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Published: June 17th 2008
Being a paid volunteer does away with the necessity of obtaining a work visa. This is in operation for English teachers around the world where having the correct work permit often involves unfathomable bureaucracy and a lot of money. One advantage of this slightly fishy scam/entirely legal opportunity, is visa runs. Basically, every ninety days I am given some time off and a bit of extra cash, to leave the country for seventy-two hours. I managed to time this particular visa run with Semana Santa, or Easter week. The school and indeed most of Costa Rica, shuts down for eight days. This is looked upon most favourably by the very devout. That being the devout Catholics and the devout travellers.
Being against flying unless absolutely necessary, visa run options are Panama or Nicaragua. I can't remember why, but I chose Nicaragua. Maybe because all the other teachers were going to Panama and I like to be different.
The first few days were spent on Isla de Ometepe. This island sits in Lago Nicaragua, which I am reliably informed is Central America’s biggest (and only) lake. A better claim to fame is that the lake is home to the world’s
Aurora en Frente del Nidito de Amor
Because of not booking ahead on the busiest week of the year we were left with the best room at the place. Expensive but very nice.
only freshwater sharks and rays, having been trapped here when volcanic eruptions and pesky plate tectonics lifted the lake clean out of the Pacific Ocean. What a spectacle it must have been, though very confusing if you were a fish. In fact few of the sharks and rays remain after having been caught and sold to the Far East or shot from US supplied military helicopters by ex-president and legendary nutter, Anastasio Somoza Garcia.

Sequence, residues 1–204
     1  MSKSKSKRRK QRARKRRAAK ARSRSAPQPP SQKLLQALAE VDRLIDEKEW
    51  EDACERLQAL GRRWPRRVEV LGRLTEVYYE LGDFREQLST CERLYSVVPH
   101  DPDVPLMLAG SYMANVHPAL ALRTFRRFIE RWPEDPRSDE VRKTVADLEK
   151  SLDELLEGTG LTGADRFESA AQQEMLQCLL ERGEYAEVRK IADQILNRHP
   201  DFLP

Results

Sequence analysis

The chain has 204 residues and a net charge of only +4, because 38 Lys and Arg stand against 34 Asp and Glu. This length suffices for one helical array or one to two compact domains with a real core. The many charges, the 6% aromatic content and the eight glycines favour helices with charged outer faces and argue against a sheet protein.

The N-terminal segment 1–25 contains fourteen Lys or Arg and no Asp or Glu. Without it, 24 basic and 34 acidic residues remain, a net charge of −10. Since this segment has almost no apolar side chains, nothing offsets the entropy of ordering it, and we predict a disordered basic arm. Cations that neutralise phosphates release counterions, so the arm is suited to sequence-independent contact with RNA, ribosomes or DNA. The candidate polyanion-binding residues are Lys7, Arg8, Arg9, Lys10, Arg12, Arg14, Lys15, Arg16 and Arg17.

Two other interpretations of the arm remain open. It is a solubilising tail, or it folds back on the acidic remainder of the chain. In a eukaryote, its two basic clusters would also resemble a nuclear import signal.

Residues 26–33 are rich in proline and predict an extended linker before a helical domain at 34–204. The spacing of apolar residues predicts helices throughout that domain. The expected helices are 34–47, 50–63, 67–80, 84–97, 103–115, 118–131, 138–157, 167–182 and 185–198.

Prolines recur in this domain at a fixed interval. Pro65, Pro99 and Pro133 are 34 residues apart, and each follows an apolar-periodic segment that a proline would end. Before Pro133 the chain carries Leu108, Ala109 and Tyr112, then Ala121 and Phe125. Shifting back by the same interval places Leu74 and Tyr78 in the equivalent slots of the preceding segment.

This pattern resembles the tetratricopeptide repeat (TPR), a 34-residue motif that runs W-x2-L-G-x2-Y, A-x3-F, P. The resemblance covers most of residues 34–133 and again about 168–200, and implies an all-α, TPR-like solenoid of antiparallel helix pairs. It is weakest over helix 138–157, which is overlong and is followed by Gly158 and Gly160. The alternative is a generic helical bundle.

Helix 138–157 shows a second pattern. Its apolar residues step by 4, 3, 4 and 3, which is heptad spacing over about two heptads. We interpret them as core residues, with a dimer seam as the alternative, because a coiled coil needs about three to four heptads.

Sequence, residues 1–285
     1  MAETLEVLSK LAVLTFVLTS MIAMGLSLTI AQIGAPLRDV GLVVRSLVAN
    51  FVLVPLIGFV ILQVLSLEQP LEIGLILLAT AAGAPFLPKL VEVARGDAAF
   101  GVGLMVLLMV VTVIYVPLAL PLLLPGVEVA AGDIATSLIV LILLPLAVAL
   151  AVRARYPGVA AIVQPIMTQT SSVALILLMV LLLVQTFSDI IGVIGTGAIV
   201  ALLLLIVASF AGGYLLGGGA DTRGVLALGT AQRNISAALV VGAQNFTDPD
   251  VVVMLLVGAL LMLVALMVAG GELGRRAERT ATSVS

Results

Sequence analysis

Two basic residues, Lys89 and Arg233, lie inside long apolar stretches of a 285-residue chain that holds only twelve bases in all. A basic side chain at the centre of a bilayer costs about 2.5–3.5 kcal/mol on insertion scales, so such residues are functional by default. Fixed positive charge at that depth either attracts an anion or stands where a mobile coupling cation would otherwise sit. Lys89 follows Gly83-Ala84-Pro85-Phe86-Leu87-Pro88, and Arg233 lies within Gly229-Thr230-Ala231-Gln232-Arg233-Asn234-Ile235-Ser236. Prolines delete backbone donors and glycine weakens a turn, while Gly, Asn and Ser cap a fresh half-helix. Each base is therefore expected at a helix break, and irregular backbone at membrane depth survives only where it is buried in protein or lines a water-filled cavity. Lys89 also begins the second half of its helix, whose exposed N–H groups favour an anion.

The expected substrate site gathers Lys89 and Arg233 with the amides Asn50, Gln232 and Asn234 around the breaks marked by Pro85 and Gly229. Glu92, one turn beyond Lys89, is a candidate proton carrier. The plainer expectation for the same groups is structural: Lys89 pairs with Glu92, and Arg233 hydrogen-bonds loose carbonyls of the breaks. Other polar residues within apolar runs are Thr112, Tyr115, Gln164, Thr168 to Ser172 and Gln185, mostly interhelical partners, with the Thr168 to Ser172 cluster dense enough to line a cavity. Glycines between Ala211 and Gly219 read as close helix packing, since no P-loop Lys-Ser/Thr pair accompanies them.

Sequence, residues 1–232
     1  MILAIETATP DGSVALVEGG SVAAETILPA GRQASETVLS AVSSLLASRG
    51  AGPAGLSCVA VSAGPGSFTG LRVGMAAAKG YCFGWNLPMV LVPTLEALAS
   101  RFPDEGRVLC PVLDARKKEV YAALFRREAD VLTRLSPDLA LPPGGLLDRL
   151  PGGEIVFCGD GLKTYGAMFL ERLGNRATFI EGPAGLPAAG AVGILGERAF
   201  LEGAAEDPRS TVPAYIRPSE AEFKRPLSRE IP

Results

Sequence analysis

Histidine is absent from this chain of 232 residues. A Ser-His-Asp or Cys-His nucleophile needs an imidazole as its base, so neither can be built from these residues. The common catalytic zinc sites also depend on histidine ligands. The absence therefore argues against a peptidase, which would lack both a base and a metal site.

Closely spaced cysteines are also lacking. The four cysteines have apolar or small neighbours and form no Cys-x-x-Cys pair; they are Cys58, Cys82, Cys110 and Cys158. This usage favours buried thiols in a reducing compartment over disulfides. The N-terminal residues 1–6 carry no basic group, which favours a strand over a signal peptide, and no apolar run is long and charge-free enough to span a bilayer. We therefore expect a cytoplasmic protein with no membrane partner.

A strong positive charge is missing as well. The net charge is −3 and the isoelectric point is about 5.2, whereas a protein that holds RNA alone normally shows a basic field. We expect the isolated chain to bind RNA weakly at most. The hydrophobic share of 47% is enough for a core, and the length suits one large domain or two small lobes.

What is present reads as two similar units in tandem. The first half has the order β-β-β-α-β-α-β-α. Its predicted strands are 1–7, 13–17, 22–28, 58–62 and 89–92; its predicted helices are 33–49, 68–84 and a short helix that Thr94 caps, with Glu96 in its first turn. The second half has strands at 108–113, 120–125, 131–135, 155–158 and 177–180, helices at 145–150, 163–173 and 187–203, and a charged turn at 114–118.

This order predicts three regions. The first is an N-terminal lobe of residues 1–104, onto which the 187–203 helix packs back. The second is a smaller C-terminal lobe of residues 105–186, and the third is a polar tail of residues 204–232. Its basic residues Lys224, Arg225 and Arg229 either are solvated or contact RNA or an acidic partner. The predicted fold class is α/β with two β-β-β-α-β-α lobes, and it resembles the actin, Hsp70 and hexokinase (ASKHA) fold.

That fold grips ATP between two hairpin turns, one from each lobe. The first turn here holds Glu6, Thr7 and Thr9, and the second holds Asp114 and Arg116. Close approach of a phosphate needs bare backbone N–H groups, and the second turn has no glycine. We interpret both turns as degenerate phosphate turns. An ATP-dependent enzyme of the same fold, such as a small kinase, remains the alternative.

The island is formed from two perfectly conical volcanoes that rose from the lake then reached out their lavarous hands and joined together. If you are struggling to picture this, well, from the side Ometepe resembles a pointy bra of the type sported by Madonna in the early nineties.
The island is beautiful and reminded me very much of Africa. Dusty dirt roads full of pigs, cows and goats, small shabby houses and a penchant for four legged rather than four wheeled transport. The beaming smiles and incessant friendliness also lent themselves to this comparison. We walked a bit, swam a bit, saw some ancient petroglyphs and had a jolly nice time in a very romantic setting.
Granada was next, “one of Central
This time without the fluffy hat.
America’s finest colonial cities”. I was surprised to find this statement perfectly true. It was especially welcome after spending the previous three months in architecturally arid Costa Rica. The city can be compared to the real Granada, in Andalucia. Even here in Nicaragua, many of the large houses are built in the Moorish style. There is little to see from the street, but through the huge wooden doors opens up ornamental courtyards with fountains, palms and intricately carved colonnades. Considering the city has been ransacked numerous times over the years by pirates or philibusters, I like what they have done with the place.
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